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Eastern Sierra

Eastern Sierra: Winter anglers enjoying primo conditions

BY MIKE STEVENS/WON Staff Writer Published: Feb 05, 2020

BISHOP — The New Year remains relatively dry in the Eastern Sierra, and while a respectable snowpack would help power the summer season, the lack of precipitation has kept fishing on the Upper Owens River consistent. It’s fly-fishing only up there this time of year, and while a variety of bugs out of a standard sub-surface arsenal have been working, they don’t all work all the time. For that reason, experimentation right now can make all the difference on the Upper Owens.

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PLEASANT VALLEY RESERVOIR kicked out browns of 18 and 14 inches and a 13-inch rainbow for Palmdale angler Albert Gregg. He stopped to throw a black Rooster Tail in PVR after duck hunting Crowley Lake that morning. PHOTO COURTESY ALBERT GREGG


“Big fish are still in the deep pools and taking green and gold Prince Nymphs, Hot Spot Pheasant Tails and Stoner Nymphs,” said Fred Rowe of Sierra Bright Dot Flyfishing. “There’s also good action on pan-sized rainbows in the river feeding on midge nymphs.”


Other patterns to keep on hand in the Owens upstream of Benton Crossing should include Zebra Midges, WD-40s, Copper Johns, San Juan Worms and egg patterns. There is some swampy ground out there on the dirt roads providing access to this stretch, so, a 4wd vehicle, or at least one with a decent amount of clearance is recommended.


Long rodders targeting Hot Creek are also taking advantage of the comfortable weather, and access is available throughout the canyon as well as through the stretch near the Interpretive Site. Flows are good at just below 10 cfs, and the mayfly hatches have been getting more significant and catching up with the morning midge hatch. If neither is going on, streamers, San Juan Worms and the occasional egg pattern are also getting grabbed.


Midges and mayflies are also working in the Lower Owens according to Rowe.


The Wild Trout Section is picking up with midges and mayflies providing the action,” he told WON. “I’ve been fishing nymphs and midges in tiger, olive and zebra, sizes 18 and 20.Mornings have been more productive on the Lower Owens River but the afternoons are getting better with the mayflies coming off mid afternoon. The mayfly hatches are not consistent so don't just hammer one spot, keep moving until you find where they're at.”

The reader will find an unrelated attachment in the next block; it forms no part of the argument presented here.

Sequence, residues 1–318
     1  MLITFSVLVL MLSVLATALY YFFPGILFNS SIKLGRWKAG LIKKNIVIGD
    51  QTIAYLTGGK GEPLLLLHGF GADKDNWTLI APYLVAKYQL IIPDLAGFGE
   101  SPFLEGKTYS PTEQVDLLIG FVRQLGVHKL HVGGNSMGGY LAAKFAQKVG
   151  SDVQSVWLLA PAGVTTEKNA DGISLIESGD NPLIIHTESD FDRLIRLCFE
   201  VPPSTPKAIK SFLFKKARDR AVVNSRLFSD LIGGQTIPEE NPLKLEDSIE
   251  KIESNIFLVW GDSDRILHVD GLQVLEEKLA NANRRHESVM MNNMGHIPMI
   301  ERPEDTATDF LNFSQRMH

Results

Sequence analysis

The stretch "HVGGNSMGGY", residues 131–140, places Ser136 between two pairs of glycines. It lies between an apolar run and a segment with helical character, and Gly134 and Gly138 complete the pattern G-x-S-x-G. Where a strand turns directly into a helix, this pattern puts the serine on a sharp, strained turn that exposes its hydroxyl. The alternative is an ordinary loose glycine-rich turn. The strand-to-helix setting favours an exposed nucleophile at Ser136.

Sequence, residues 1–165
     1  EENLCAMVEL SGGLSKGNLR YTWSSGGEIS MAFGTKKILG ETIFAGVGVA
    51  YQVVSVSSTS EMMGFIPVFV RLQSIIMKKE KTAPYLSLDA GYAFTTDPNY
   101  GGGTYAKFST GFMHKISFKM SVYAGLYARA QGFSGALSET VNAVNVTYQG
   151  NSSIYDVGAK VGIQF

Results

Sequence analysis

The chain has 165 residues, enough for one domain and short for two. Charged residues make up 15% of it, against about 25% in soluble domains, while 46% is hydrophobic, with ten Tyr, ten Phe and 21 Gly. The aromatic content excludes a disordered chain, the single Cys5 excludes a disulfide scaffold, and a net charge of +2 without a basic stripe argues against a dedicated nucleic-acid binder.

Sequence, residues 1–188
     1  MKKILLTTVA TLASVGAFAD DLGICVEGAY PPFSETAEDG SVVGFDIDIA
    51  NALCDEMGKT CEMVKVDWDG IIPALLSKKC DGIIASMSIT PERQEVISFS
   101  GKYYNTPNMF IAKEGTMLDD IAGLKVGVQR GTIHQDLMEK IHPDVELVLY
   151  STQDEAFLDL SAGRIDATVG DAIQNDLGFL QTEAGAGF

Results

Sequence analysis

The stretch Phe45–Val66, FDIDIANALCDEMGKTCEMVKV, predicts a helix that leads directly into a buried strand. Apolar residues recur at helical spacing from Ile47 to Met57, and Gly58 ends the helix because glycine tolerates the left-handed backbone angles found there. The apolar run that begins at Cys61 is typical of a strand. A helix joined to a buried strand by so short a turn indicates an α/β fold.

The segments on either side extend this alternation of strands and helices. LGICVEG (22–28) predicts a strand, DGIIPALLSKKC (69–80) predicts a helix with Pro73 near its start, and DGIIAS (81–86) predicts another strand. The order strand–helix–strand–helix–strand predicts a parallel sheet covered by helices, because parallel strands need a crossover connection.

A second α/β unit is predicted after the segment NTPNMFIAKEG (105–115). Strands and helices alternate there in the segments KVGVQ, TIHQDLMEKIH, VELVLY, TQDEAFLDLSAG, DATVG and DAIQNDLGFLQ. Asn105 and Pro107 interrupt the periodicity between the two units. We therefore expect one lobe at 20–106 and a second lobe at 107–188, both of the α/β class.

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BIG SHOULDERED “Crowley Lake steelhead” as well as scrappy holdover stockers are both biting in the Upper Owens River. PHOTOS COURTESY SIERRABRIGHTDOT.COM


Spin guys are getting it done in the Lower Owens as well. Andre Nersesian of Country Kitchen in Big Pine says action has been “limit style” down in his stretch, with several rainbows in the 2- to 3-pound range being nabbed near the Highway 168 bridge and south to Bartell. There have also been steady action in the river below Tinemaha Reservoir where it’s more brown trout than rainbows being caught.


All around, fishing has been great and it should continue with the mild weather forecasted long term,” said Nersesian. “Sierra Slammers, Thomas Bouyants, Panther Martins, salmon eggs, nightcrawlers and Mice Tails are all working.”


“Gear” anglers are running into a fair bite at Pleasant Valley Reservoir where numbers are on the light side, but better quality fish are what’s biting.


WON reader Albert Gregg of Palmdale made a 2-hour stop at Pleasant Valley Reservoir after duck hunting up at Crowley Lake. After battling high winds for two hours and one mallard drake at Crowley, he found “calm, warm weather” down at PVR where he picked off brown trout of 18 and 14 inches along with a 13-inch rainbow, all on a black Rooster Tail.


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